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Review: ‘Chasing Trane’ Is Drugs, Jazz and John Coltrane

Review: ‘Chasing Trane’ Is Drugs, Jazz and John Coltrane

Chasing Trane Still Review john coltrane

“Some people play jazz. Some people play reggae. Some people play blues. [Coltrane], played life.” – Carlos Santana

“Chasing Trane” paints a somber portrait of the afflicted turned iconic alto saxophonist John Coltrane. Documentary writer and director John Scheinfeld (“The U.S. vs. John Lennon”) focuses on Coltrane’s on again and off again struggle with drug addiction followed by the musician’s eventual rise to fame. With a low-key, yet surprisingly star-studded, inter-splicing of interviews, real life photos and sound bytes, “Chasing Trane” wrangles an enjoyable level of watchability. Touting guests like former United States President Bill Clinton and with some narration by Academy Award Winning actor Denzel Washington, the film introduces viewers to Coltrane through his closest friends and most famous fans. Even though the documentary is slim on archival video footage and the ken burns effect on the still images looks like it was done in iMovie, the tumultuous narrative Scheinfeld paints is intriguing, especially for fans of Jazz music. Continue reading after the jump.



Set against a backdrop of the American Jim Crow South, “Chasing Trane” takes viewers on a trip through John Coltrane’s musical roots and humble beginnings. From his unassuming musical debut in a Navy Bebop band to his rabid practice regiment to his musical union in a powerhouse quintet led by Miles Davis and beyond. The film hooks viewers by starting the story with Coltrane being ripped from his path to musical ascension due to his drug use. The narrative pits Coltrane with a difficult decision between drugs or being remembered as one of the best saxophonists of all time.

“You’re in the club with the pimps and hustlers, and they tell you, here, take some of this, you’ll feel good. And you go for it and then you’re stuck.” – Jimmy Heath

Chasing Trane Poster Review john coltraneJohn Coltrane, an iconic saxophone player credited with revolutionizing jazz during the 1950s, passed away due to liver cancer in 1967 at the age of 40. As the film proves, the painfully quiet Coltrane never did any television interviews and only gave a few radio interviews. “Chasing Trane” is the life of John Coltrane expressed almost entirely through a patchwork of memories retold by his closest friends and most famous fans, making for an intimate viewing experience.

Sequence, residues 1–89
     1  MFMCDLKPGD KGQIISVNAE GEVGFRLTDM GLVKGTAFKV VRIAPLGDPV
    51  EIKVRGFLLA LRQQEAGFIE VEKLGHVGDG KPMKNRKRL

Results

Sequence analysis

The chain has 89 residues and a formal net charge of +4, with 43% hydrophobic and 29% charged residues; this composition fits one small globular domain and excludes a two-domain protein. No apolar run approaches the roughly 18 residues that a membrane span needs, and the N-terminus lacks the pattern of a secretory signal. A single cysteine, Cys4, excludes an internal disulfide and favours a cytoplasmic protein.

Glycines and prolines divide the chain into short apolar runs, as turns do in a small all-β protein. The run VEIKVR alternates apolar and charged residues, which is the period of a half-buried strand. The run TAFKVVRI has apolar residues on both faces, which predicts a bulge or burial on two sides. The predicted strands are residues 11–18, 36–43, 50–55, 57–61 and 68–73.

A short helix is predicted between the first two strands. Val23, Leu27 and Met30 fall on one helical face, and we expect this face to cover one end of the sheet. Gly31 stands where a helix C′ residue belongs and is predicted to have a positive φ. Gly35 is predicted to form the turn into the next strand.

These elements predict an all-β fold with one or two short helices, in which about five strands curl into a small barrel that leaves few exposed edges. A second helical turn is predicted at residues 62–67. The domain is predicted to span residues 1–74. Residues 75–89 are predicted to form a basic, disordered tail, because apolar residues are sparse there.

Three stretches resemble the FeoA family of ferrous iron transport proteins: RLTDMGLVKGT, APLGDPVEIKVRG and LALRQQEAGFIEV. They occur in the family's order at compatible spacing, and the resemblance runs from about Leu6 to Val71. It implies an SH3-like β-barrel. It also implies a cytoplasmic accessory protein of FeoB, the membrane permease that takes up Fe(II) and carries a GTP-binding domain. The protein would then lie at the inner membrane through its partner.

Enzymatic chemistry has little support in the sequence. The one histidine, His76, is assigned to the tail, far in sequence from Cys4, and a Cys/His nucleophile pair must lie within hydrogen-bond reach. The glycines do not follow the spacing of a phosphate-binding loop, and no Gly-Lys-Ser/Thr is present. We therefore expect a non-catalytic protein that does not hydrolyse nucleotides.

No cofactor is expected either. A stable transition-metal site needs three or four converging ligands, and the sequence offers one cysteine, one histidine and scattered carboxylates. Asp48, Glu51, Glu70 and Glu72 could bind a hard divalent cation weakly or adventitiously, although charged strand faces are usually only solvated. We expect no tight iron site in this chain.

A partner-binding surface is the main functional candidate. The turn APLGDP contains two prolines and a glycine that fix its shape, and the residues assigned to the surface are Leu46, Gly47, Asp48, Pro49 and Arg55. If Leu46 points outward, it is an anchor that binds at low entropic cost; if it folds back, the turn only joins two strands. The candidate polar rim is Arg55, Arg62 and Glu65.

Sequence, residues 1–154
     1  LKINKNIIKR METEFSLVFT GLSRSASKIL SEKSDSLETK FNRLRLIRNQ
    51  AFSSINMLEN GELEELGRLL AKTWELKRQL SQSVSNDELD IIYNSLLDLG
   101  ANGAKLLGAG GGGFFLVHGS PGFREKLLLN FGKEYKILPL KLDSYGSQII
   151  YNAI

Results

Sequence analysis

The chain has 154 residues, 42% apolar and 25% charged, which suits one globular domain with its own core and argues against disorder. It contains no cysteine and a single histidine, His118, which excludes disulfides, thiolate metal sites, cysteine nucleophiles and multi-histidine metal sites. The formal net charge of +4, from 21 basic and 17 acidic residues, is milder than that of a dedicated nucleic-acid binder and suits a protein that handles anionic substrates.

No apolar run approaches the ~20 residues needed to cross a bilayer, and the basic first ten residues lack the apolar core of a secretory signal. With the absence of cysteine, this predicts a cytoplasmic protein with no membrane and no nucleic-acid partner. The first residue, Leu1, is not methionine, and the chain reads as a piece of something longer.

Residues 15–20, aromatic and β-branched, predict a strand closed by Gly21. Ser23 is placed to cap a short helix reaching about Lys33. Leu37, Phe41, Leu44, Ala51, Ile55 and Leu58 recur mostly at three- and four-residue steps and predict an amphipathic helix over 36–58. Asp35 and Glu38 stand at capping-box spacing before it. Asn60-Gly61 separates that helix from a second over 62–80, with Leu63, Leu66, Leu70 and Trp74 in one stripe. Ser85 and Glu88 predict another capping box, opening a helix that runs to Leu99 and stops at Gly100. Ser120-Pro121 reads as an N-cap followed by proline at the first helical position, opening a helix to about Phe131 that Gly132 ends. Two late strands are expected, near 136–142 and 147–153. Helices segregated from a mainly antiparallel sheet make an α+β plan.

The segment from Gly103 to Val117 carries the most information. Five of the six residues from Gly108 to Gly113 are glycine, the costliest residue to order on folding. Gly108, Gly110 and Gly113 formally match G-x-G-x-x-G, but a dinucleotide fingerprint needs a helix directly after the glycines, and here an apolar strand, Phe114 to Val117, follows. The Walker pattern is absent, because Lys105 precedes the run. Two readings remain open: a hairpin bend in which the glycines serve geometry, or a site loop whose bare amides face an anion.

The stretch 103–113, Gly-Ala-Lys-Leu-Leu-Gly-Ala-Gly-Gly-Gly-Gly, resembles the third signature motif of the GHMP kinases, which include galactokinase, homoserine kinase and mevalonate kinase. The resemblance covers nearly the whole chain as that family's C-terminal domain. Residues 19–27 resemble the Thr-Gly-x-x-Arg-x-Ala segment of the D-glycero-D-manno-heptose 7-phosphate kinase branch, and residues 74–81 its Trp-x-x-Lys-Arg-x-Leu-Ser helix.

For viewers who are unfamiliar with the film’s namesake, “Chasing Trane” gives a informative overview of Coltrane’s backstory and eventual influence. In a nonlinear fashion, the movie tracks the development of the saxophonist’s compositions, from the simple beauty of his ‘50s pop riffs to the masterful celestial spirituals of his bird-like ‘60s croons.

While the daunting story wants to drag beneath the weight of the repeat references to Coltrane’s drug addiction, Scheinfeld does well to maintain balance with ample insertions of the music icons genius and hopeful potential. “Chasing Trane” is a middle of the road documentary with above-average soul. Although some non-music lovers will perhaps find mild enjoyment in the narrative, “Chasing Trane’s” story of a afflicted self-made stars’ meteoric impact on Jazz will likely be most appreciated by the late musician’s fans.


  • Documentary Score


"Chasing Trane" is a middle of the road documentary with above-average soul. Despite the fact that some non-music lovers may perhaps find mild enjoyment in the narrative, "Chasing Trane's" story of a afflicted self-made stars' meteoric impact on Jazz will likely be most appreciated by the late musician's fans.


About The Author


Since his wee lad-dom, Pooya has been a sommelier of cinema. It was likely some acting bug, fallen from the dust riddled ruby curtains of an enchanted old stage that did it. Those cinematic scarabs must have burrowed deep into his brain, irreversibly altering his mind, turning the poor boy down a dismal path. From his earliest years the strange boy would aimlessly wander the aisles of countless video rental stores, amassing his trivial knowledge with vigor. These actions befuddled the boy’s parents, who still would lovingly oblige his unusual attraction to the motion picture. Often seeking refuge in the cushioned seating of his local movie theater, the odd adolescent would immerse himself in the scripted and effects riddled realities unfolding on the screen before him. During his collegiate years, he was twice spotted on stage performing bizarre theatrical rituals before awe-struck audiences. When he departed from academia, he left behind his youth in exchange for a labor routine, but the strange young man never lost his long-cultivated love of film. Recently, Pooya was approached by to join their budding team of entertainment bloggers. After hours of coaxing and an undisclosed number of honey jars, he accepted their offer. Finally he had come full circle. Finally, at, he was home.

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